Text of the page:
By Amanda Long, for The Fourth River
I recently sat down with South African writer Sabata-mpho Mokae, and discussed his influences, oral storytelling and how language affects the way a story is told and absorbed. Mokae’s debut novel in Setswana, Ga Ke Modisa, I’m Not My Brother’s Keeper, (2012) won the M-Net Literary Award for Best Novel in Setswana as well as the M-Net Film Award. He is also the author of the the biography The Story of Sol T. Plaatje (2010) and the poetry collection Escaping Trauma (2012). His youth novella Dikeledi [Tears] was launched in 2014. Sabata-mpho Mokae is a resident at The University of Iowa’s International Writing Program.
The Fourth River: Can you start by talking about your writing process? What does the road between inspiration and a published piece look like?
Sabata-mpho Mokae: Once I have a group of characters sorted out, the book writes itself. I know my characters, I know how they behave, I’ve given each of them a background, I’ve given each of them a routine, a certain behavior, I’ve given them dreams, aspirations. As a writer the book is being dictated to me, I have the story and then I simply become a typist. I have my first draft sorted and then I keep it there and allow it to be there. I take it out of my system, I detox. I take ample time to detox, three months, sometimes four months and then I go back to it, now as an editor. I am now a different person from the one who was telling the story in the first place. The second draft is basically going through the new me as the editor of the first draft.
TFR: What other writers, teachers, or moments in your life influenced you as a writer?
SM: I come from a tradition of oral storytelling. I grew up in a village in South Africa, where the tradition was that every evening we’d have our grandmother tell stories to us – that is myself and my cousins – and it would be around the fire. This oral storytelling tradition was done by all families in the village,.
In the village, there are not many resources. There’s not much to do. So, you have to look for something to do that doesn’t cost a lot of money. One of the things was playing street football, but I wasn’t good at that, and the other thing was to read. I grew up in a village where the literacy level was extremely low, but my mother was a teacher and my father was a teacher, so I had access to books from a very young age. This also influenced my storytelling. It was no longer going to be just oral storytelling, it was now going to be the written word.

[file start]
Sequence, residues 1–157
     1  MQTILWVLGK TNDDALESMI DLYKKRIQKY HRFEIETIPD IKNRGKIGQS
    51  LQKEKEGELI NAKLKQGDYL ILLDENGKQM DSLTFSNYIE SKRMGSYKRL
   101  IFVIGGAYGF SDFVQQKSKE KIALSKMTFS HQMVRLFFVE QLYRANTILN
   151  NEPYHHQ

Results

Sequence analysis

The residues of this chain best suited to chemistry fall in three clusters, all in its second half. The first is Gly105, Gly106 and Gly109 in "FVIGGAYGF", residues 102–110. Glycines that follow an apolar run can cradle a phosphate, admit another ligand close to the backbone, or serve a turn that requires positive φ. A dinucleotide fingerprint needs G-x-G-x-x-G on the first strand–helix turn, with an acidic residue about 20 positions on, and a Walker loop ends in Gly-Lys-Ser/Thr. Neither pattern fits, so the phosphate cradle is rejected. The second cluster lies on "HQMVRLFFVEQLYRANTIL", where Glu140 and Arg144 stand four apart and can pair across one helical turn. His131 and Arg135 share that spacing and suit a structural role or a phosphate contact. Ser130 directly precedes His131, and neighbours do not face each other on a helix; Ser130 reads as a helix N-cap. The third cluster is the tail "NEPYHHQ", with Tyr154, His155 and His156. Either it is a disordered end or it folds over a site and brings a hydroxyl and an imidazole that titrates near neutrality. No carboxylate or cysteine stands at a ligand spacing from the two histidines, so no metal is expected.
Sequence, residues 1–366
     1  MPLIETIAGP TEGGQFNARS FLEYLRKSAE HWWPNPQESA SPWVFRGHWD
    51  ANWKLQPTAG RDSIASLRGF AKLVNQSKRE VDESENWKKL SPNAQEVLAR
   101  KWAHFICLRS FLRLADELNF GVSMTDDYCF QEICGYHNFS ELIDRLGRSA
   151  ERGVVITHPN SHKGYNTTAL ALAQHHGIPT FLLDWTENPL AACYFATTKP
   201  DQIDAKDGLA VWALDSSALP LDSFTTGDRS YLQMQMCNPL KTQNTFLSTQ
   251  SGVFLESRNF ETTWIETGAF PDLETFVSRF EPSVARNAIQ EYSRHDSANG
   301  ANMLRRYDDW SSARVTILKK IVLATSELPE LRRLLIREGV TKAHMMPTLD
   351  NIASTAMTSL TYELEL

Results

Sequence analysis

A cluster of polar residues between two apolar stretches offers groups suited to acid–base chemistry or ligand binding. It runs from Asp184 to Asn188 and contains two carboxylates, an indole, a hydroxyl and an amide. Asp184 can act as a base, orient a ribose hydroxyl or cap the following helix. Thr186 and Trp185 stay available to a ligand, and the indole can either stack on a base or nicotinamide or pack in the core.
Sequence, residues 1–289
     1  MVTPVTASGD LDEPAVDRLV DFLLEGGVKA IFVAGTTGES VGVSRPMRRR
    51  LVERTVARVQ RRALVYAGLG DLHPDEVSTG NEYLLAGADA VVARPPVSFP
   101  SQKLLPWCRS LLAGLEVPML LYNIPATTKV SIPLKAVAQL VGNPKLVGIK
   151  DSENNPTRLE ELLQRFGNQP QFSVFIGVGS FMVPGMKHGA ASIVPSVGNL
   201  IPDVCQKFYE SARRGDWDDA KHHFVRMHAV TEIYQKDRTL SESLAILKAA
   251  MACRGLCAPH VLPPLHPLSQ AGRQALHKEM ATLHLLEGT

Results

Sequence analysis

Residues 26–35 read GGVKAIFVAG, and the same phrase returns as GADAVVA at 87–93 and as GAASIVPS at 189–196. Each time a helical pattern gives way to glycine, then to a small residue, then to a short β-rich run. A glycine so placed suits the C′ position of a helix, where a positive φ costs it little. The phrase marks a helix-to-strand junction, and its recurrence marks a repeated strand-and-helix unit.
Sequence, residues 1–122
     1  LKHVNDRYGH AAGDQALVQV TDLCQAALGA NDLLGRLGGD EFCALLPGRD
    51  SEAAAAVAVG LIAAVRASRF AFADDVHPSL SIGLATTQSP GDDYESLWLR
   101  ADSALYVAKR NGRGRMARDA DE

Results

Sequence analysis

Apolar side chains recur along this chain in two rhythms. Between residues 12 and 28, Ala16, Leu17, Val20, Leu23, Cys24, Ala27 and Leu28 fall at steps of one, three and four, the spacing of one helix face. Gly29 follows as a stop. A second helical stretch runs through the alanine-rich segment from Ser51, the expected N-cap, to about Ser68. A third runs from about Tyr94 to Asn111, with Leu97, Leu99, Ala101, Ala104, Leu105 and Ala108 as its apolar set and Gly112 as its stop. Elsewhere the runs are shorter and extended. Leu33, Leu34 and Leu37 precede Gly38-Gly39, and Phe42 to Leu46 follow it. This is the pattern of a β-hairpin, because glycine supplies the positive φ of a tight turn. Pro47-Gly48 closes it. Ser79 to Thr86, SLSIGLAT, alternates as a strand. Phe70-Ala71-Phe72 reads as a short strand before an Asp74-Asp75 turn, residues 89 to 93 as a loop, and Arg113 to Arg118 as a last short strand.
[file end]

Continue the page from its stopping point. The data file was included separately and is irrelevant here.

And then I read a book by Chinua Achebe, one of the greatest African writers, who died last year. His book, No Longer At Ease, was about how Africa is grappling with post-colonial politics and how the new ruling elite are now behaving toward their own people. The way Achebe writes, he tells a complicated story so well and in very simple text, that it made me believe I too could tell a complex story as simply as that. I started to think seriously about the possibility of being a writer myself.
Sol T. Plaatje was the first black South African to write an English novel. He started writing in 1910 but the book was published in 1930. I admire Sol Plaatje, because he spoke the language I speak, Setswana, and he was born on a farm not too far from the farm on which I was born. I’m from the ethnic group that he belonged to, and my ancestors went to the mission school that he went to. He was the first African to translate Shakespeare into an African language.
TFR: You have said “I tell these stories in the same language I heard them.” What role does language play in your writing?
SM: When I wrote my first Setswana novel, I had been writing in English as a journalist for over ten years. I came into contact with Sol Plaatje’s work and I understood the importance of writing in the mother tongue. When I write in Setswana, I don’t have the burden of translating my work before it gets to paper. When I was writing in Setswana for the first time, it came out so naturally and so effortlessly.
Some of my writer friends said I needed to write in English in order to reach more people. But Setswana is spoken by around six million people in five southern African countries. That is quite enough. I have met other writers who are writing in a language spoken by half a million people, and they are writing vigorously. So, that was enough for me. If I don’t write in this language, I’m losing out on whatever comes with the language. Each proverb, each idiom has a cultural value and historical background that my readers now have access to as a result of reading in Setswana. I needed to hold onto that.